When I picked up K at school the other day, she had blue eyeshadow on her eyelids.
Well, not really eyeshadow. It was the hair coloring she'd put on that morning--"hair chalk"--a powder you put on with your fingers and shampoo out. We and her school allow hair coloring. We do not, however, allow makeup. She may play with it at home, but she must take it off before going out.
K must have noticed the look on my face, because she immediately said, "It's not makeup. What happened was I touched my hair and then rubbed my eyes 'cause they were itchy."
Uh-huh, I thought. And puppies rain from the sky.
I said what we say in our family when we know a child is lying: "Honey, I feel like I'm being lied to." We do not express anger; we do not blame. We let the child know what we suspect, and we let them feel guilty instead of defiant.
She denied it, of course.
We went to hockey practice, and I dressed my dolled-up girl in all her padding, covering her just-emerging breasts and hips. I felt unusually grateful to get the helmet on her.
During practice, I had time to think. Growing up, I'd never wanted to wear makeup. I'd never, in fact, wanted to become a woman. Utterly convinced that I was fat and ugly, I tried hard to ignore the changes in my body. I didn't wear girls' clothes until my shape forced me to, and I didn't wear makeup until graduate school. I could not imagine wanting to wear makeup at K's age, but K is beautiful and confident, rightfully proud to be who she is.
I allowed myself a pat on the back for raising a kickass daughter.
Then I realized that Peter and I had never given K a good reason not to wear makeup. All we'd ever said was, "We don't want you to look older than you are." Maybe it's time to tell her more, I thought. She's wearing bra tops, getting moody, starting to notice boys. But how can I get her buy-in? She's not a little kid anymore, happy to take my word as law. I had a hunch that I'd need to tread very lightly.
I helped K out of her gear. As we got back into the car, she asked, "Why aren't you smiling, Mom?"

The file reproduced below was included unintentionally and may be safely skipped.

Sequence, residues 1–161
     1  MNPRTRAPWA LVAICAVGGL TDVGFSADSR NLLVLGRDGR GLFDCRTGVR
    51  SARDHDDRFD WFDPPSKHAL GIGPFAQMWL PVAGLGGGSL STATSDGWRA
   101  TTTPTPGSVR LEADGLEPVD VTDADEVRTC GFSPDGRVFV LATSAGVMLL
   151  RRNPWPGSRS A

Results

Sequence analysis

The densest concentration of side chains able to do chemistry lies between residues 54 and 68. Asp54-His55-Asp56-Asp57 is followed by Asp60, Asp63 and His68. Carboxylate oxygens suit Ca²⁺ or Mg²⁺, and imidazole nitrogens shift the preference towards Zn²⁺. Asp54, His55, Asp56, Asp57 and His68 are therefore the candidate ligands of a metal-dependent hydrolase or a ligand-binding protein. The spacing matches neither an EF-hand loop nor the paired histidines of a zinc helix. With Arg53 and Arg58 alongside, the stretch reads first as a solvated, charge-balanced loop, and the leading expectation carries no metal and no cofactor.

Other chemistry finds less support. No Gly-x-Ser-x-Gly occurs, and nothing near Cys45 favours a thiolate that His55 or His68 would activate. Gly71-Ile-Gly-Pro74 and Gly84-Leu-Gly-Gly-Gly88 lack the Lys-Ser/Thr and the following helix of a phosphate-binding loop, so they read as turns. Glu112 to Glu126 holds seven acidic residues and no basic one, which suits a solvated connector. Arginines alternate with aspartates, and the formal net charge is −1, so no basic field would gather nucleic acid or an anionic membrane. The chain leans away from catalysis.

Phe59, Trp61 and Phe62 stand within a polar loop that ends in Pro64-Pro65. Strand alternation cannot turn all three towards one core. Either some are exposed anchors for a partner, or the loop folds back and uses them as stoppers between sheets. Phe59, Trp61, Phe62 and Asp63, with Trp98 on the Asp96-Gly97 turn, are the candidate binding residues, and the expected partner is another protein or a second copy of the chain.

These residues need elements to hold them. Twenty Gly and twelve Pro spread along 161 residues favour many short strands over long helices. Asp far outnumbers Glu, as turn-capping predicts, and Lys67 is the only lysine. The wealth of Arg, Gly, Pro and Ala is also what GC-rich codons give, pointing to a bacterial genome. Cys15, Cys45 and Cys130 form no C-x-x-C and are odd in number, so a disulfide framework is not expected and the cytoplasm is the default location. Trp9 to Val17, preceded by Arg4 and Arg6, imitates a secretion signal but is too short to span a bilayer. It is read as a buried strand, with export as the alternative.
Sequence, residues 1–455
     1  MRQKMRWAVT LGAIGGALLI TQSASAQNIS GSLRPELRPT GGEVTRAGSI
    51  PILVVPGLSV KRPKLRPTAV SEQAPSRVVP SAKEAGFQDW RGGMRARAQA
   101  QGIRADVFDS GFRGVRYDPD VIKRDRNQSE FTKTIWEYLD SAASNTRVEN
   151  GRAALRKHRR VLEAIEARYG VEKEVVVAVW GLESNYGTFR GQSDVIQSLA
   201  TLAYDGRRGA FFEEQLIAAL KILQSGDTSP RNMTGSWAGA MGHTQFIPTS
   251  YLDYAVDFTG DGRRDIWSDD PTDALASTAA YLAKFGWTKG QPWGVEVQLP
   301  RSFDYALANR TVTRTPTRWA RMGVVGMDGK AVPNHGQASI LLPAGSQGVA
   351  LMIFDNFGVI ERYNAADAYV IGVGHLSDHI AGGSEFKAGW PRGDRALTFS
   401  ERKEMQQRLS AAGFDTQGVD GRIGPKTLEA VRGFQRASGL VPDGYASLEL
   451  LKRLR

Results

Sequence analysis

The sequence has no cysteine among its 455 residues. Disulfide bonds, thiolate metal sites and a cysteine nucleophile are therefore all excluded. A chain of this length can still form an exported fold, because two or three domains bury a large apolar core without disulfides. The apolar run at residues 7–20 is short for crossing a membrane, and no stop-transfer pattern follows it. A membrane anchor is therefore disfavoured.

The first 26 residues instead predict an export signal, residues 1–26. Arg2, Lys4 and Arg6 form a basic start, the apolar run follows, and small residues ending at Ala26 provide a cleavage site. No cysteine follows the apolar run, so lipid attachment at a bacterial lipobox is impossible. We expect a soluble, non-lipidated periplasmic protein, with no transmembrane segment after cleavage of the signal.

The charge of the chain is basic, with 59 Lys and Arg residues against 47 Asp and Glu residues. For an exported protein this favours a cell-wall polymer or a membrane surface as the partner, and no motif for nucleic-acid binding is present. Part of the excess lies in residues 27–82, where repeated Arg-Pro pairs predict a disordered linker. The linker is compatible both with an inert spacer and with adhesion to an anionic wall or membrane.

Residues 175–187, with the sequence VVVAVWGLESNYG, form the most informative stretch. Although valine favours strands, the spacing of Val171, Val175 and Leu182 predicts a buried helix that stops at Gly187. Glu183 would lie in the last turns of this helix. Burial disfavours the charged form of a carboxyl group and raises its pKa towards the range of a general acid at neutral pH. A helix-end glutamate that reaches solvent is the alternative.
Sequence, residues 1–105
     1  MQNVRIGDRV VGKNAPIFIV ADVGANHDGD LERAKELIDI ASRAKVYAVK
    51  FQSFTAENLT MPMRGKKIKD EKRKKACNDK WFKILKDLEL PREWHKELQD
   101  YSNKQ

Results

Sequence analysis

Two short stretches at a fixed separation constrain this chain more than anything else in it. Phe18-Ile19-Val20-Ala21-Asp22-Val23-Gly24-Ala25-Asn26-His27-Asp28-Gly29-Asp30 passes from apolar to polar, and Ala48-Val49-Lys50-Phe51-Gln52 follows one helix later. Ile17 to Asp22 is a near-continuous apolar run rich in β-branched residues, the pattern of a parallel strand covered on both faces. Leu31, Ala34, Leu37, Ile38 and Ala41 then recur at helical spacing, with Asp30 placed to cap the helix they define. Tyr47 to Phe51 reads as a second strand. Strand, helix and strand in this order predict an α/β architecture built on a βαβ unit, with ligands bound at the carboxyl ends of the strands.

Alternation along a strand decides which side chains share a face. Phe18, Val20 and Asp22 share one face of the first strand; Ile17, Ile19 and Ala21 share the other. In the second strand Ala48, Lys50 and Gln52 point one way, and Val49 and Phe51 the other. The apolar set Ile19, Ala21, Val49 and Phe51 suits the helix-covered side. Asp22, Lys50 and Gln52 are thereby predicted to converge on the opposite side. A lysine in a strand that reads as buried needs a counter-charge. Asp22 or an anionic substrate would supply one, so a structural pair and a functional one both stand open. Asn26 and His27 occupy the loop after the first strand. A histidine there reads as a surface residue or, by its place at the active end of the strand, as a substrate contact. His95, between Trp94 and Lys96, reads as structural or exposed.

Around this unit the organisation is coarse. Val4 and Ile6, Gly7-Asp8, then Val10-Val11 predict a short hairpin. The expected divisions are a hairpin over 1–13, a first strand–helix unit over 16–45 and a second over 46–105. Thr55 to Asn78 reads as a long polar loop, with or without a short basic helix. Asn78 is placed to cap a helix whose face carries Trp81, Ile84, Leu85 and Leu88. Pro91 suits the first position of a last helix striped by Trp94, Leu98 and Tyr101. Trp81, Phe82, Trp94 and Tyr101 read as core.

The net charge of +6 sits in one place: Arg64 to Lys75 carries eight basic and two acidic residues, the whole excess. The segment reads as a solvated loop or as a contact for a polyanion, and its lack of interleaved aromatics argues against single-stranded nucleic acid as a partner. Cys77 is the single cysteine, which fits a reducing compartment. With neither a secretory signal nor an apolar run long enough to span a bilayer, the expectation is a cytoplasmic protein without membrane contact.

I told her the truth: "Because I don't feel happy with you right now."
"It's not makeup," she said.
We arrived home twenty minutes later. Before going into the house, I asked K to join me for "a conversation. I'm not mad. I just want to give you some information."
She didn't respond. She was suddenly extremely absorbed in the book she'd found in the car.
K didn't come into the house for another twenty minutes. I called her into the kitchen, and she dutifully joined me, crawling up the stairs with her favorite fleece blanket over her head so I couldn't see her face. Not that she's done anything to feel ashamed of! I thought.
I sat down beside her on the stairs and asked how she feels when she wears makeup.
The blanket said, "Pretty!"
I asked what she thinks other girls think when they see her in makeup.
She pulled the blanket off and said, "That I look nice."
I asked what she thinks boys think of her when they see her in makeup.
She put the blanket back on and said, "EWWWW! I don't even want to think about that!"
At least we agree on that, I thought.
I asked her permission to tell a story about myself. When I got it, I told her this:
"You remember I grew up and went to college here in New England. I had plenty of friends who were guys, just like you, and they weren't my boyfriends. In college I shared a house with a lot of people, so if I wanted to do something alone with a friend like play a game or practice music or do a puzzle, I had to invite them to my room. And it was fine to invite a guy to my room alone. Guys here understood that it didn't have to mean I wanted to--"
"Don't say it!" said the blanket.
"--sleep with them," I finished. She has to face it, I thought. I went on, "Then I moved to Texas. I made a friend pretty soon who happened to be a guy. We stopped at my apartment one night on our way somewhere, and my two noisy roommates were home, so I invited him to my room so we could talk about something we were reading. I didn't know it, but in Texas, if a girl invites a guy to her room, it sends a signal. It means, I want to sleep with you. So my friend tried to force me to sleep with him."
K emerged from the blanket, wide-eyed. "What did you do?"
"I threw him on the floor and yelled at him until he said he was sorry." And my grades tanked and I eventually got kicked out of grad school, I thought.
She was silent for a minute. Then she said, "I get it. Wearing makeup sends a signal that I'm ready for something I'm not ready for."
I couldn't believe it: She understood right away.
Then she said, "Mom? Is it okay if I don't wear makeup until I'm 50?" Then she wrapped me in the blanket with her and hugged me.
I hugged her back feeling like I ought to ride off into the sunset, triumphant.
* * *
In case you're interested, we gave K two consequences for using the hair chalk as makeup. First, she had to surrender the hair chalk. She did this gladly. Second--our standard consequence for lying--she will have to do a disgusting cleaning chore.